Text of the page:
5 Steps To Great Decision-Making
In this article, Bryan Kramer discusses the five steps to good decision-making. It is another in our “Great Articles You may have missed” series.
The 5 Steps To Good Decision-Making
Business decisions are hard-hitting. We’ve all agonized over our choices, whether in the office, the kitchen or during that movie you’ve wanted to see for weeks.
When we’re stuck, who can ever confidently say with complete conviction which decision is the right one? Without possessing the benefit of hindsight to check and balance our choices, we can never be completely sure. In reality, we probably can’t unequivocally commit to anything in business. And every decision comes with its sliding-doors-style set of alternative consequences.
Acknowledging that all of your decisions will have imperfections, even if they’ve succeeded in their goals, will help you to make better and faster decisions in the future. Delaying your decisions and flirting with inaction through fear of making the wrong choice might feel sensible, but it just causes anxiety.
Step 1: Identify your Goal
A myriad of factors come into consideration when you make any business decision. Clearly identifying your goal from the outset will make it easier to shake off factors that compromise your objectives.
Gather as much information as possible and review your situation. Which choices will drive your business closer toward its collection of goals and targets? Prioritize decisions that create actionable change, to turn abstract goals into tangible results.
You might be making decisions that aren’t instant wins on a superficial level (i.e., a spike in sales). But look below the surface and acknowledge that your decisions are still valid if you’re keeping in line with your brand’s long-term strategy.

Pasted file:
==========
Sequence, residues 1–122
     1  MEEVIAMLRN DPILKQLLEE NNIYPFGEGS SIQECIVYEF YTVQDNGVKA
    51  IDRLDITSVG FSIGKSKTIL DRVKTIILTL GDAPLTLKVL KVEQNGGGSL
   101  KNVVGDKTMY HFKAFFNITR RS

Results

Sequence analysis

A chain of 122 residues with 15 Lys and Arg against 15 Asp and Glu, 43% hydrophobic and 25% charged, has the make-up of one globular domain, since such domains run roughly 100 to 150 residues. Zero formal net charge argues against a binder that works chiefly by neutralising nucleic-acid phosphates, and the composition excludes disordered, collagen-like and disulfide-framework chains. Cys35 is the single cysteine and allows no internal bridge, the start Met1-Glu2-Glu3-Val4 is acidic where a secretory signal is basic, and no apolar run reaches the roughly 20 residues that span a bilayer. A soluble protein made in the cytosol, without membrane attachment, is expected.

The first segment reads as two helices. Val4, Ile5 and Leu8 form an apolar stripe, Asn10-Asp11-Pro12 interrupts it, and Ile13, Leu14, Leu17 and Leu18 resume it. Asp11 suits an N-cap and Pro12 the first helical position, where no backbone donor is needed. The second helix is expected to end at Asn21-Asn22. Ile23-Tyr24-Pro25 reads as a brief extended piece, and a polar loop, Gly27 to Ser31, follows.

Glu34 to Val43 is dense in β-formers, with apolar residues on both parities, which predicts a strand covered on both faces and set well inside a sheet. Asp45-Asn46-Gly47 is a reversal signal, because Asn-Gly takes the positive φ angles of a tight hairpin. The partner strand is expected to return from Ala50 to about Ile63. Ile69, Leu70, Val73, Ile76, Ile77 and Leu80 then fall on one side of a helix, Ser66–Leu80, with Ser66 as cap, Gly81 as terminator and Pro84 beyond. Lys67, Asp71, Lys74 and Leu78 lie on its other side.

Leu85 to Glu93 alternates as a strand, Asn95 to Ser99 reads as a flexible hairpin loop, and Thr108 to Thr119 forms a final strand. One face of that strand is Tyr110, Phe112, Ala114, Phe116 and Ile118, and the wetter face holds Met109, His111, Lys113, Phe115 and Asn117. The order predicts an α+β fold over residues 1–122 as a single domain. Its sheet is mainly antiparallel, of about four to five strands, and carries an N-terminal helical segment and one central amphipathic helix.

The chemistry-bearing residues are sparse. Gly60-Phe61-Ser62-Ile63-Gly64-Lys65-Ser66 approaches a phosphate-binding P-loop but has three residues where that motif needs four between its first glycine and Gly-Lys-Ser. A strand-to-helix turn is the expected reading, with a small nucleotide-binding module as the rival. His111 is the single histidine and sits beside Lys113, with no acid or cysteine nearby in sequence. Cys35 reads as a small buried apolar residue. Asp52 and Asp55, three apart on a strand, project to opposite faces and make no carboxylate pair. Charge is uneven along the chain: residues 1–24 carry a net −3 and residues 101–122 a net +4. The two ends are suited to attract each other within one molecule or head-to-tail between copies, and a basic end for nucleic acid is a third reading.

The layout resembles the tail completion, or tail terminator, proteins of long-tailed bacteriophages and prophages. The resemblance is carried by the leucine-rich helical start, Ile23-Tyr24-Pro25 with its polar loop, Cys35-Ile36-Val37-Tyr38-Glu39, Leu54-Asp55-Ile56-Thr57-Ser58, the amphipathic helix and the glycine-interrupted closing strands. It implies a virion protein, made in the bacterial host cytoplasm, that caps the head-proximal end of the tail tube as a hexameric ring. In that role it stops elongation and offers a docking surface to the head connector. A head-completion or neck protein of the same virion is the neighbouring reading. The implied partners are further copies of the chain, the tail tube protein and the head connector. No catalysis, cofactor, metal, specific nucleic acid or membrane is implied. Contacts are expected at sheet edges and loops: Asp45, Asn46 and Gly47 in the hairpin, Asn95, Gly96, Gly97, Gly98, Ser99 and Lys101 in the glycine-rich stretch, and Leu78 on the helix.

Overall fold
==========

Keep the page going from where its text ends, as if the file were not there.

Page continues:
Step 2: Gather Information
In order to make fully informed decisions, it is essential that you conduct extensive research. Do your homework before you act. In your information gathering process, ensure that you eliminate your biases and look at information objectively. Be honest in your review and include information that tests your preconceptions and instincts.
By allowing information that contests your viewpoint into your discussion, you can make your assertions more robust. You can also demonstrate how the decisions you make take contrasting perspectives into account. Be sure to provide your test results on each method.
Step 3: Consider the Consequences
It goes without saying that you need to have one eye on your present situation and another on the consequences of certain business choices. Thoroughly assess the possibilities and effects that a range of different decisions will trigger.
The Scottish-based craft beer company, BrewDog, for example, has been phenomenally successful at tapping into the craft beer market. They’ve done so with their own brand of punk-inspired, radical brewing techniques with their own bombastic marketing strategy. They’ve adopted a combative approach to the Advertising Standards Authority and other larger breweries. And they pride themselves on their individualism, and being marked as the antithesis of Britain’s old-school beer industry.
Their ‘Equity for Punks’ crowd funding scheme has been groundbreaking. 50,000 customers have a stake in the company — a brand for the punks, sticking a finger up to the big man.
So, it’s interesting to see that BrewDog recently sold a 22% stake to U.S. investment firm TSG. On the face of it, this is a good business decision, right? The deal values BrewDog at $1 billion and crowd funders who invested in the first fundraising round have seen their investment increase by 2,765%. You could see this as purely successful from a profit-based perspective.